Federal prosecutors are asking to confiscate ammunition and guns of a Spokane Valley man because they believe he uses marijuana. Authorities found hash oil, more than 1,300 rounds of ammunition and guns at the home of Burk Aaron Thomas when they were investigating a suspicious fire. Thomas is accused of plotting arson to collect insurance money on a failed marijuana business, according to court documents filed this week, but his case has not gone to trial.
OLYMPIA — Pot again provided legislators with plenty to talk about.
At least one interested onlooker at this week’s federal trial of self-proclaimed medical marijuana growers from Stevens County believes it’s unlikely federal prosecutors will pursue similar charges again. “My belief is, unless it’s an extremely unique factual case, we will not be seeing these types of cases in federal courts any longer,” said Roger Peven, who has defended federal criminal cases in the area for three decades and was once head of the Federal Defenders Office in Eastern Washington and Idaho.
In a courtroom that had been filled with whispers, soundless protests and spontaneous applause all week, the moments before jurors acquitted the three remaining members of the “Kettle Falls Five” of most of their charges were silent. When Assistant U.S. Attorney Earl Hicks asked that Rhonda Lee Firestack-Harvey, her son Rolland Gregg and his wife, Michelle, be taken into custody, that silence was broken.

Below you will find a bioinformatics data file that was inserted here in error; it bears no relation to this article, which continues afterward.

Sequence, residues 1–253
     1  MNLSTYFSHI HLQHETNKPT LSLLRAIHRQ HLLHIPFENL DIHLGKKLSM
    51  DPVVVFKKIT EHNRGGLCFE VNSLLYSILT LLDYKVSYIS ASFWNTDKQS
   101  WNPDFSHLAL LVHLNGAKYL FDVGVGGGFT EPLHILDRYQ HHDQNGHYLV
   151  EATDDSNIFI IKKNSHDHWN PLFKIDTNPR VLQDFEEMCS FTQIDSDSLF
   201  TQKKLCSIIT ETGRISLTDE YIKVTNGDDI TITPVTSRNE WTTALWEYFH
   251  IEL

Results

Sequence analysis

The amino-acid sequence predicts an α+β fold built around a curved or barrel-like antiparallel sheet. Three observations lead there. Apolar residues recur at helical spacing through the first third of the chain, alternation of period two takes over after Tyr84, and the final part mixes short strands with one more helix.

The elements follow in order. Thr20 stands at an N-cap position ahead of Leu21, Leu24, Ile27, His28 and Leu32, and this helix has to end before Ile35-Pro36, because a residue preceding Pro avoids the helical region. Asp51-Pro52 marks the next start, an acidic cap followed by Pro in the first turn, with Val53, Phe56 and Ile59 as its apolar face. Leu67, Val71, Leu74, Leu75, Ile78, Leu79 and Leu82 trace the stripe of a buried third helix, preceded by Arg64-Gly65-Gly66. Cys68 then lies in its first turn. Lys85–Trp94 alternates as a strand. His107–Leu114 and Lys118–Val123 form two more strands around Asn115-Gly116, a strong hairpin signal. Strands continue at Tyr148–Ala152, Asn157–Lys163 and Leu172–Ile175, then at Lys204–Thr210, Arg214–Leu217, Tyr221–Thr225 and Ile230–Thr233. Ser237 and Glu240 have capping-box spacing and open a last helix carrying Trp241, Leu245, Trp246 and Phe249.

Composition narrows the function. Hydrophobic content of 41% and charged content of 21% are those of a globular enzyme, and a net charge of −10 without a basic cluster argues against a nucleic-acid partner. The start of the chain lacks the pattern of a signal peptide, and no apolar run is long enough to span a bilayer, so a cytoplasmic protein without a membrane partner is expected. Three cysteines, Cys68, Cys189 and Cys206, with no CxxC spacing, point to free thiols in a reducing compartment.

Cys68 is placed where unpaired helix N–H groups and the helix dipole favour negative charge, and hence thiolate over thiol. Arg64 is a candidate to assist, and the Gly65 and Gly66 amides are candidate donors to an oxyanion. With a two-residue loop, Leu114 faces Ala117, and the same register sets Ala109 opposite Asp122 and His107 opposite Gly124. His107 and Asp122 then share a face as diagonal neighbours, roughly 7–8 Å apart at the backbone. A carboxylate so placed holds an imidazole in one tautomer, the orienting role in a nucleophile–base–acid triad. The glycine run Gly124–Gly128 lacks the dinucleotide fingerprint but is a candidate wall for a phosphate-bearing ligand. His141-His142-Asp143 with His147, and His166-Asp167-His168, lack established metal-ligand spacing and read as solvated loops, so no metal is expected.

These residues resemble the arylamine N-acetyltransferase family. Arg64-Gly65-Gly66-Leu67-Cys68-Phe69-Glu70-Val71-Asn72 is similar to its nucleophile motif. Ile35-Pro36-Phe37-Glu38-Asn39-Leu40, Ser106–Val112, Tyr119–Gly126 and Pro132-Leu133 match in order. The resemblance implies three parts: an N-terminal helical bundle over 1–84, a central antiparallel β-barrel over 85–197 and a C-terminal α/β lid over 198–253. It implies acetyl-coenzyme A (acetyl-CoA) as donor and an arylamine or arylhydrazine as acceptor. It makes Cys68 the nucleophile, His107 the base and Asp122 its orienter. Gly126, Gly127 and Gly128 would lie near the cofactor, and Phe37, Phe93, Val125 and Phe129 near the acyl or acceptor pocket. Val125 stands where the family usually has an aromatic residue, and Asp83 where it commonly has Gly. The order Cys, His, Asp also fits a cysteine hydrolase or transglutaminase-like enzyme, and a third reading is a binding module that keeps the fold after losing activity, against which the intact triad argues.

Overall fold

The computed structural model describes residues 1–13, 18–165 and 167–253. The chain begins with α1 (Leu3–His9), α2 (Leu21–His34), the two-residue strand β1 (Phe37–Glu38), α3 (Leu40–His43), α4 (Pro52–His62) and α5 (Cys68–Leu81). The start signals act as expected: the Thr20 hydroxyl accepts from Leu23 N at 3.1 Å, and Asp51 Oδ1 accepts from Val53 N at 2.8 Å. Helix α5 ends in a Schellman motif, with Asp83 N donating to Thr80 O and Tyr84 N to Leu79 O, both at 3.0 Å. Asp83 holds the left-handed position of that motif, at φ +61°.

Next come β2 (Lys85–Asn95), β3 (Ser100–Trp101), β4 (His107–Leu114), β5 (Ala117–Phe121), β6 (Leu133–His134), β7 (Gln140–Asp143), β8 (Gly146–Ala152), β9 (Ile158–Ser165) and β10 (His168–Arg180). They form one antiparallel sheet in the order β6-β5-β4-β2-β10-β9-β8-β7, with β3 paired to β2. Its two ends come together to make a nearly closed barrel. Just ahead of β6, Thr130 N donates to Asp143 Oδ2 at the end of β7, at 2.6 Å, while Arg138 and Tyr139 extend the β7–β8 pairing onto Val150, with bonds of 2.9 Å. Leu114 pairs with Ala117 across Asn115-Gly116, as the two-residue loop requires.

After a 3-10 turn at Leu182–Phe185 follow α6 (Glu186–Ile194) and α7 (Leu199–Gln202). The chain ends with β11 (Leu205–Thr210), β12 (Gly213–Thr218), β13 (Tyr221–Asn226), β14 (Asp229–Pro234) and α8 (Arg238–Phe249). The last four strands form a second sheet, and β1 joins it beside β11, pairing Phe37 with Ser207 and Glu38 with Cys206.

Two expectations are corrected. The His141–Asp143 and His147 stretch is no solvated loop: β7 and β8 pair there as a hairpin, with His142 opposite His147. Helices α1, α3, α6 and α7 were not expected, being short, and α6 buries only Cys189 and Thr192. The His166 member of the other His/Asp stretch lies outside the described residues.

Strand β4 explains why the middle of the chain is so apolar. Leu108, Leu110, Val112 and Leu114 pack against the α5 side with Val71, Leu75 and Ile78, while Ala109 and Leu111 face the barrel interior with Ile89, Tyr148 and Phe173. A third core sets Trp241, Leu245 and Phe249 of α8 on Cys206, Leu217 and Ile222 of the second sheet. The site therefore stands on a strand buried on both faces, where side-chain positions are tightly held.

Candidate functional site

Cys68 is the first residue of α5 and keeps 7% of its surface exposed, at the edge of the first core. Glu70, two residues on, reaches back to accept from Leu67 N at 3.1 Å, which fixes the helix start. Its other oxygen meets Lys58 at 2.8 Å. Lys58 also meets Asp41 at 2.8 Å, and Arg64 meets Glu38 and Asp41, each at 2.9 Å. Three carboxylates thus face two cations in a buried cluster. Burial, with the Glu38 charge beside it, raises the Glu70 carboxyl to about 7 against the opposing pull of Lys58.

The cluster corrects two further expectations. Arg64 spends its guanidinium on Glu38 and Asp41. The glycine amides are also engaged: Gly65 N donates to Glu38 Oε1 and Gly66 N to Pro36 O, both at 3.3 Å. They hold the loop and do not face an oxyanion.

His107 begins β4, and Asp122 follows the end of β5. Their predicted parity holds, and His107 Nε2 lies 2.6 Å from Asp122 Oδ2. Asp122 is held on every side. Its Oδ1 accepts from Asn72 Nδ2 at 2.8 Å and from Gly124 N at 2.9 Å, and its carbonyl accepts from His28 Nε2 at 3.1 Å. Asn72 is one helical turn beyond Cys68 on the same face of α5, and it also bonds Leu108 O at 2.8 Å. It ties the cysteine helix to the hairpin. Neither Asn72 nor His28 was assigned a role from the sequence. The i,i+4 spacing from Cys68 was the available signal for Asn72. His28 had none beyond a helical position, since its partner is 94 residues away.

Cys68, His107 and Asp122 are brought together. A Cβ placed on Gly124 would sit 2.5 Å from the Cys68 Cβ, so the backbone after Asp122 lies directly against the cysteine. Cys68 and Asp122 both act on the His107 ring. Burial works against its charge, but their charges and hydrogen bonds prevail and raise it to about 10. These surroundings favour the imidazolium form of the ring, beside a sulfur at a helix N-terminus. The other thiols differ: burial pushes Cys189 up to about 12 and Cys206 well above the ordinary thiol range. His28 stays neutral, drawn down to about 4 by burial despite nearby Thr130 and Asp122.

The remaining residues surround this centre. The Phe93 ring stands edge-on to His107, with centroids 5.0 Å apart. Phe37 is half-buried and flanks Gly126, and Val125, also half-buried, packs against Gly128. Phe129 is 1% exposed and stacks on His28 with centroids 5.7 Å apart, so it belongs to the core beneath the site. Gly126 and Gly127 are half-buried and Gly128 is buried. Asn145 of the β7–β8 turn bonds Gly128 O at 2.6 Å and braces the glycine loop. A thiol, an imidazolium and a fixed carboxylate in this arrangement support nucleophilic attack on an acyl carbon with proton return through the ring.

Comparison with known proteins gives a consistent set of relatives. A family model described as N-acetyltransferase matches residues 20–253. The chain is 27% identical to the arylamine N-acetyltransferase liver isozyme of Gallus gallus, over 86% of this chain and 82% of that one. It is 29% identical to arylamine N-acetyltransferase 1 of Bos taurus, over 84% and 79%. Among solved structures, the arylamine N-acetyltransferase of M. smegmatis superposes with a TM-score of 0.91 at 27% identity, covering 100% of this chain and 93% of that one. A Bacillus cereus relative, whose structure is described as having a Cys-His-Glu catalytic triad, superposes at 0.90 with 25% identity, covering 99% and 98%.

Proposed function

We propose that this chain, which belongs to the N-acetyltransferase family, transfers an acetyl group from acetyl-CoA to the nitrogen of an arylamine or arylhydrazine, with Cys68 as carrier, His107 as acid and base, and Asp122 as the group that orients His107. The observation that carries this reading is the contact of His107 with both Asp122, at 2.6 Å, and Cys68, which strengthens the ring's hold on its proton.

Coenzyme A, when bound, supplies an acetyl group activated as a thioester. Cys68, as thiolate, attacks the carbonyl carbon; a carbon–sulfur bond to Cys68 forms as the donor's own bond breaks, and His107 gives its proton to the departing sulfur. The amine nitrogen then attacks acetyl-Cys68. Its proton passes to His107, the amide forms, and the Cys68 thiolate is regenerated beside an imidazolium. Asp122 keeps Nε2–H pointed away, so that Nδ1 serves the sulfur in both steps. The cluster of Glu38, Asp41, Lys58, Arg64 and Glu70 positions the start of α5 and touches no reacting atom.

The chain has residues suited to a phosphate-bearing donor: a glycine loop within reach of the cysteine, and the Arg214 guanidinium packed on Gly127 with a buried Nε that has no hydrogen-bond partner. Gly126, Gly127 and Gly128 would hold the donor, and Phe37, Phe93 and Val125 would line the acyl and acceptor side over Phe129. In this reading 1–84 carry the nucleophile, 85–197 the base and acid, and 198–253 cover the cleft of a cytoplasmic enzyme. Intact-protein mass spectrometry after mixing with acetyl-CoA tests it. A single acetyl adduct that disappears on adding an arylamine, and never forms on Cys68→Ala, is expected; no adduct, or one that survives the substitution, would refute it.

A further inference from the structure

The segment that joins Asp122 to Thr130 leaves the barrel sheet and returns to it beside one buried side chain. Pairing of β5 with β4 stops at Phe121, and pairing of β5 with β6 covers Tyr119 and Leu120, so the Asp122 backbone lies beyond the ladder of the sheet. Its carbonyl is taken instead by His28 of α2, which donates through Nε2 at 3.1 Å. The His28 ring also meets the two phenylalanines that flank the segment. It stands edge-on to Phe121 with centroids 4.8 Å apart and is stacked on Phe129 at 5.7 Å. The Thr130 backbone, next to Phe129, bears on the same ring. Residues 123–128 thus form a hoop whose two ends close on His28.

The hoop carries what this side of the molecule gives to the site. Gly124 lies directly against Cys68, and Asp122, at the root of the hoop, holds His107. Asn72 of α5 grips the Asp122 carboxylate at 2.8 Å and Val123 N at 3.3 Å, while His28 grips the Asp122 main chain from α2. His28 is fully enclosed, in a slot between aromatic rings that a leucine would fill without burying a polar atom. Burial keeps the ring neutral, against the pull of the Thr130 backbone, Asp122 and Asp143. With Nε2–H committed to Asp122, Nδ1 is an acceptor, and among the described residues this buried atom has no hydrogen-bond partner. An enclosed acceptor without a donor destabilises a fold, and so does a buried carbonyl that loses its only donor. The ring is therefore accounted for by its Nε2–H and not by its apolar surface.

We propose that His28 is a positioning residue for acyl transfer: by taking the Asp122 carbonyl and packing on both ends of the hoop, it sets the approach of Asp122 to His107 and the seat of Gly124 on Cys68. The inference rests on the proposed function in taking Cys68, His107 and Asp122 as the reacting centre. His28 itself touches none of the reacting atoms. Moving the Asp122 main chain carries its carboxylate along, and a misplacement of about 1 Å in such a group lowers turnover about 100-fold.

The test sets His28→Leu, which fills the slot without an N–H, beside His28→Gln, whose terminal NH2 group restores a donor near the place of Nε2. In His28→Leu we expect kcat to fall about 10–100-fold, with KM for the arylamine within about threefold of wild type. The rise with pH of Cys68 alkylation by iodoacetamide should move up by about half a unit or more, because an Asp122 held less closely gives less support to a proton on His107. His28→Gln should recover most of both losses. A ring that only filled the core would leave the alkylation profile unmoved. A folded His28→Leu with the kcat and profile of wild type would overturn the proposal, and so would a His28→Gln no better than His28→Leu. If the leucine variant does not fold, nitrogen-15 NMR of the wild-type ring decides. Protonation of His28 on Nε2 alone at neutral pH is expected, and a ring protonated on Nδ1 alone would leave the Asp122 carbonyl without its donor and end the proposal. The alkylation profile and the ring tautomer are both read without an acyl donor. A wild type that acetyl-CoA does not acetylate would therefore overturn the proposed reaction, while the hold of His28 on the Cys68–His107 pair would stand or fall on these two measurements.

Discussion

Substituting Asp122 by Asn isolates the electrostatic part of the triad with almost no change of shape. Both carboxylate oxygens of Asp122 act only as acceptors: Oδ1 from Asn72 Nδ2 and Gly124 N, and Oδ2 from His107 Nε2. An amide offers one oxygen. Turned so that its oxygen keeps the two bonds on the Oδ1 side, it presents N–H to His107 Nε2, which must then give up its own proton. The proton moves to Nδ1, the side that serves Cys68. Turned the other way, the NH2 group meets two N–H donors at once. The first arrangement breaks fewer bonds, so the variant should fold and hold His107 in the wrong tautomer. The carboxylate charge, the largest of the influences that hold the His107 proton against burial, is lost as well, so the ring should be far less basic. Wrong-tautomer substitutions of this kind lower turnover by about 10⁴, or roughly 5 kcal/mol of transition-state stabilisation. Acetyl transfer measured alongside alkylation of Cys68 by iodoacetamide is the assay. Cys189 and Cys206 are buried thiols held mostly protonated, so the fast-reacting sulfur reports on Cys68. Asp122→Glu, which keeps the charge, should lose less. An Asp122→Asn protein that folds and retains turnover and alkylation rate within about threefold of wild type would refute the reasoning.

A pot-growing Kettle Falls family was acquitted on four of the five federal charges against them tonight in a case that was seen as a barometer for how conflicts between state and federal drug laws will be handled.
The fate of three people accused of growing and dealing marijuana out of their rural Stevens County home will soon be in the hands of a federal jury. Those 12 people may also decide the future of federal prosecutions targeting marijuana growers.
OLYMPIA — The Senate voted unanimously to ban marijuana sales in vending machines and at drive-through stands. But the argument for the bill involved situations that are already illegal.
The 39-year-old Seattle resident who was once part of the shrinking group of defendants in a federal trial targeting a marijuana grow near Colville said Friday he took an eleventh-hour plea deal to come clean about his involvement.
OLYMPIA — Major changes to the state’s medical marijuana laws passed the Senate today despite critics’ complaints about a database for patients.
A federal judge declined Thursday to throw out the criminal case against the marijuana farmers dubbed the “Kettle Falls Five,” setting up the likelihood of another trial delay two years after charges were filed. When it commences, it may be the trial of the Kettle Falls Four.
The complicated bill Congress passed to fund the federal government through 2015 may prove the saving grace of the Stevens County marijuana farmers dubbed the “Kettle Falls Five.” The U.S. attorney prosecuting the case says the five were violating Washington’s medical marijuana laws when drug enforcement agents seized 75 marijuana plants, guns and business records from the family’s property near Colville in August 2012.